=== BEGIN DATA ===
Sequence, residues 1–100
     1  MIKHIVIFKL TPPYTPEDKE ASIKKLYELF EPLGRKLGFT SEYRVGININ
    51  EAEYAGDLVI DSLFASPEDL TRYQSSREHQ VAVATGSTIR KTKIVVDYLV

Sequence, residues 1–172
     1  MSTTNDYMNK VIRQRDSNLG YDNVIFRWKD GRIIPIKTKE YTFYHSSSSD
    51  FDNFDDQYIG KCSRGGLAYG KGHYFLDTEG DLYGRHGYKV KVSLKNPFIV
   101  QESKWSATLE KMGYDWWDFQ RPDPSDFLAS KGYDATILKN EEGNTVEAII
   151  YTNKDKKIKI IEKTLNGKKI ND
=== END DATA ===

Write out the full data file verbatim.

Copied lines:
Sequence, residues 1–100
     1  MIKHIVIFKL TPPYTPEDKE ASIKKLYELF EPLGRKLGFT SEYRVGININ
    51  EAEYAGDLVI DSLFASPEDL TRYQSSREHQ VAVATGSTIR KTKIVVDYLV

Sequence, residues 1–172
     1  MSTTNDYMNK VIRQRDSNLG YDNVIFRWKD GRIIPIKTKE YTFYHSSSSD
    51  FDNFDDQYIG KCSRGGLAYG KGHYFLDTEG DLYGRHGYKV KVSLKNPFIV
   101  QESKWSATLE KMGYDWWDFQ RPDPSDFLAS KGYDATILKN EEGNTVEAII
   151  YTNKDKKIKI IEKTLNGKKI ND